Buying a home can be exciting. It also can be somewhat daunting, even if you’ve done it before. You will deal with mortgage options, credit reports, loan applications, contracts, points, appraisals, change orders, inspections, warranties, walk-throughs, settlement sheets, escrow accounts, recording fees, insurance, taxes…the list goes on. No doubt you will hear and see words and terms you’ve never heard before. Just what do they all mean? Here are ten real estate terms and definitions you should know before you start looking for a home.
1. Buyer’s Agent vs. Listing Agent
There are usually two agents involved when you buy a home; the “buyer’s agent,” who represents you, and the “listing agent,” who represents the home seller.
When buying a home, you don’t pay your real estate agent – they’ll get a commission from the home seller.
2. Fixed Rate vs. Adjustable-Rate Mortgages
Conventional loans include “fixed rate” and “adjustable-rate” mortgages. A fixed rate mortgage has a predetermined interest rate throughout the life of the loan. The most common are for 15 and 30 years. An adjustable-rate mortgage has a variable interest rate, and the most common are for 5, 7, or 10 years.
3. Pre-approval Letter
Before you apply for a mortgage, or even start looking for a home, you should get a pre-approval letter from the bank, which is an estimate of how much they’ll lend you. Ask them about closing costs and if they’ll lock in your loan at a specific interest rate. This letter will help you determine what you can afford. Plus, it ensures home sellers that you will be able to get a loan when needed.
One of the first real estate terms you’re likely to encounter is “listings”. A “listing” on a website shows information about the home, such as the price, square footage, and number of bedrooms.
5. Home Inspection
After you’ve made an offer on a home, you’ll most likely need to schedule a home inspection, which costs around $200 – $500, depending on the market and size of the home. The inspector will go through every nook and cranny. Reviewing things like the plumbing, electrical, foundation, walls, heating, and appliances. If they find something wrong, you can negotiate for home sellers to fix it. Sometimes you can negotiate a reduction in the purchase price of the home.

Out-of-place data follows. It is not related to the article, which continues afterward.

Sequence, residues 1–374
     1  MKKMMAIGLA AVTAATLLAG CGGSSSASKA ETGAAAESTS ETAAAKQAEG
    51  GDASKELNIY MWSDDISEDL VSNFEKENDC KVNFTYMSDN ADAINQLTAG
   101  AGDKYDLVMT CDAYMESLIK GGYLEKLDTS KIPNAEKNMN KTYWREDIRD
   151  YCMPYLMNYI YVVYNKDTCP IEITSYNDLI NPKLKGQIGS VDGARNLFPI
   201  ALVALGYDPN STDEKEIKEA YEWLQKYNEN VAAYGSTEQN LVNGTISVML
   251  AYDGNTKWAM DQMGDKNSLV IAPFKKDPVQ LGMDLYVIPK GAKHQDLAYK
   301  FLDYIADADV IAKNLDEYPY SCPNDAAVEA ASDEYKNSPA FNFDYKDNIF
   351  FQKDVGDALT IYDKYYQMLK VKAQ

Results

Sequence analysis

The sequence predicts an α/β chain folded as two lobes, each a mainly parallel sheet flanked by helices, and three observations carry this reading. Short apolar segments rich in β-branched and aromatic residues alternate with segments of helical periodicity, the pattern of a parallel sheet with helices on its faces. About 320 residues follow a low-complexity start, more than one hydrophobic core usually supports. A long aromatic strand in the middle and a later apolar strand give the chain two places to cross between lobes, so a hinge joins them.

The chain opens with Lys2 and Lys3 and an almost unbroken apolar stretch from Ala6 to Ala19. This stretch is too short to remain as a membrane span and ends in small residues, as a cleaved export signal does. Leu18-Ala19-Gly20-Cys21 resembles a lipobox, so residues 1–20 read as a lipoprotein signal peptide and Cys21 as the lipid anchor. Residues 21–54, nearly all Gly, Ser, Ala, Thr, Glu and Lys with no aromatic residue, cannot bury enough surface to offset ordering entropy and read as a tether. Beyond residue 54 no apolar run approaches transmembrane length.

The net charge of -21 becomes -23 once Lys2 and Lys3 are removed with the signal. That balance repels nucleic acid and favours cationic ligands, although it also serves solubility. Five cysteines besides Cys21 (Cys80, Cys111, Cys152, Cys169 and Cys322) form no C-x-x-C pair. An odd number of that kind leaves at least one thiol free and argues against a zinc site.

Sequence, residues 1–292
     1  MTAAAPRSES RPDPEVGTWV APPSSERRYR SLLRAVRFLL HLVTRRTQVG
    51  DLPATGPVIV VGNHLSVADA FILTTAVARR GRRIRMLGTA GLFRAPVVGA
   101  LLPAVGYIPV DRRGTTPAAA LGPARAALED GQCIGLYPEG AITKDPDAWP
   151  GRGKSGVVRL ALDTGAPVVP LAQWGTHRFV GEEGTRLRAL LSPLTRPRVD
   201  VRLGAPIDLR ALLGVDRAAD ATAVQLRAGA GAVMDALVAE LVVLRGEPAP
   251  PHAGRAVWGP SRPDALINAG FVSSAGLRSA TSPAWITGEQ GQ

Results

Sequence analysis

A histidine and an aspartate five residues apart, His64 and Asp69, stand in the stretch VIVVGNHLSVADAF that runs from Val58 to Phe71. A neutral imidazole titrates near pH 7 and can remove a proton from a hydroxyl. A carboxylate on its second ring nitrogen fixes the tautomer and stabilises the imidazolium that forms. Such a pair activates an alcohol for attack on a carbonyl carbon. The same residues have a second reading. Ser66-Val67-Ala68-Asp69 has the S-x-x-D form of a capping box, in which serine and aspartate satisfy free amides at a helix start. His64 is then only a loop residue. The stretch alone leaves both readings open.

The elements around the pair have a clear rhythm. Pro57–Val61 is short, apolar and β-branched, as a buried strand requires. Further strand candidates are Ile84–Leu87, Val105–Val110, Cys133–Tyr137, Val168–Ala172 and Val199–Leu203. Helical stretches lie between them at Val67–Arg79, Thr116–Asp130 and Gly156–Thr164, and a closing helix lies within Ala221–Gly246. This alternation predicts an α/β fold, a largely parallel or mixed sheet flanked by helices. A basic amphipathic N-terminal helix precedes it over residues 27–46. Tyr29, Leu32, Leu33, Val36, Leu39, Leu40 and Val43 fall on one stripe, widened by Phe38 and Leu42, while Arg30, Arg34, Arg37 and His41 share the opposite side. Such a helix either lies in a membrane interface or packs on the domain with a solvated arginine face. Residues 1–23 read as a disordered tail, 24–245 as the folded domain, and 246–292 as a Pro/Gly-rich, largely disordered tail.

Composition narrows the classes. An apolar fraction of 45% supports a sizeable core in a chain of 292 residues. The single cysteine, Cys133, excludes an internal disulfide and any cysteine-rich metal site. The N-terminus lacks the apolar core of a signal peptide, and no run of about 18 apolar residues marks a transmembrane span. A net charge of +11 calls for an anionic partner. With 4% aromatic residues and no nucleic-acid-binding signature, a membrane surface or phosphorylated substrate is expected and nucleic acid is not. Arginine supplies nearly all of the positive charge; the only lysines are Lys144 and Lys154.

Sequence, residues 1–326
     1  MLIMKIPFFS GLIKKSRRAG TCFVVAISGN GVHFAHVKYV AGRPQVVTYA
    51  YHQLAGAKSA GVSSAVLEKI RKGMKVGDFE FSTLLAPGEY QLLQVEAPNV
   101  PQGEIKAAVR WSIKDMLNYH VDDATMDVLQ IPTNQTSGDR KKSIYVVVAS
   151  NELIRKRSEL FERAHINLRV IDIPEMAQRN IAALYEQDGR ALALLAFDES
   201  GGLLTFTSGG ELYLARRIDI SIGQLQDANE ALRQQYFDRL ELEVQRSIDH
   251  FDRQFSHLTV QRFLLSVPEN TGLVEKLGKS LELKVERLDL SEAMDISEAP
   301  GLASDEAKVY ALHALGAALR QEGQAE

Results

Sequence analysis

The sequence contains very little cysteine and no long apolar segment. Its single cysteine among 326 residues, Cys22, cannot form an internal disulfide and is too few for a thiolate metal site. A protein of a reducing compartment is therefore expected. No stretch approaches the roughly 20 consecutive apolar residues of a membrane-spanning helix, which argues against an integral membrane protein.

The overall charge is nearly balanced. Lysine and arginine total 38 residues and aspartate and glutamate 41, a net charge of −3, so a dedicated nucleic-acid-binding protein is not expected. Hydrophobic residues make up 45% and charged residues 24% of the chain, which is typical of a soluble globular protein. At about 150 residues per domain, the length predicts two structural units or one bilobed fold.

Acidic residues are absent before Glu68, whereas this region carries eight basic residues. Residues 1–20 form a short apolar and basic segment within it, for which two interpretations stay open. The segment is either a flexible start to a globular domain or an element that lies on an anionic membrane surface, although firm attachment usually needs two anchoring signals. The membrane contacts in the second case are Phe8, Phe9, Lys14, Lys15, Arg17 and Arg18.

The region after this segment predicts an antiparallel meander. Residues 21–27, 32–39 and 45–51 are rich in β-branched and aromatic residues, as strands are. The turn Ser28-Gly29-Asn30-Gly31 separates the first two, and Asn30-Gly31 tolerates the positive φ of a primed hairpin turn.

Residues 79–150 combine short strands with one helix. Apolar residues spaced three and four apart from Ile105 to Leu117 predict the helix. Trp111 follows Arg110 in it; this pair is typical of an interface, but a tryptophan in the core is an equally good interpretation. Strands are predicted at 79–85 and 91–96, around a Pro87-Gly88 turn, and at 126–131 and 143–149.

When you apply for a mortgage, your lender will require an appraisal of the home you want to buy. A licensed appraiser will estimate the home’s value based on comparable homes that have sold in the area. If the appraised value is less than the offer you are making on the home, you might not be approved for a loan. The bank doesn’t want to invest in a home that’s overpriced (and neither do you).
When you put in an offer on a home, you can specify certain conditions that must be met before the deal will go through – these real estate terms are called contingencies. You have to make sure you can actually get the loan (a financing contingency), that the inspection doesn’t show anything of concern (inspection contingency), and that the appraised value is close to what you’re offering to pay (appraisal contingency). If you’re in a bidding war on a home, sometimes it can help to shorten contingency periods or waive them altogether.
8. Offers and Contracts
Once you find the right home, you’ll make an offer on the property with the help of an agent or attorney. If the seller counters your original offer, it’s usually because they want more money or a faster timeline for closing the deal, at which point you’ll have to negotiate. When submitting an offer, it’s a good idea to add a personal touch by including a cover letter that explains why you want to buy the home.
9. Closing Costs
Be prepared to pay a lot of fees when you purchase a home. Typically, closing costs will amount to 2-5% of the purchase price of the home, and that doesn’t include the down payment. Common fees include excise tax, loan-processing costs and title insurance. It is important to do your research on how much closing costs are and which closing costs are negotiable before you are ready to close on a home.
10. Title Insurance
After all the negotiations are done and the seller has accepted your offer, you should receive a home title report within a week. Most mortgage lenders require you to pay title insurance as part of the closing costs. Title insurers make sure the home seller actually had rights to the title and that there are no liens on the home.
Having a basic understanding of important real estate terms before you start the homebuying process will give you peace of mind now and could save you a fortune in the future. The key is to be patient and prepared since the homebuying process can be lengthy. Choosing an experienced realtor is key to winning in negotiations.
Alex Jaffe is a licensed REALTOR® living within Northwest Austin and represents sellers that hope to gain from today’s market. He is an advisor with a specific process for comparing and presenting offers to his clients and proceeding towards the seller’s goals accordingly. To schedule a conversation specific to your home/address, contact Alex today – with no obligations – this is a free, no pressure discussion designed to answer your questions.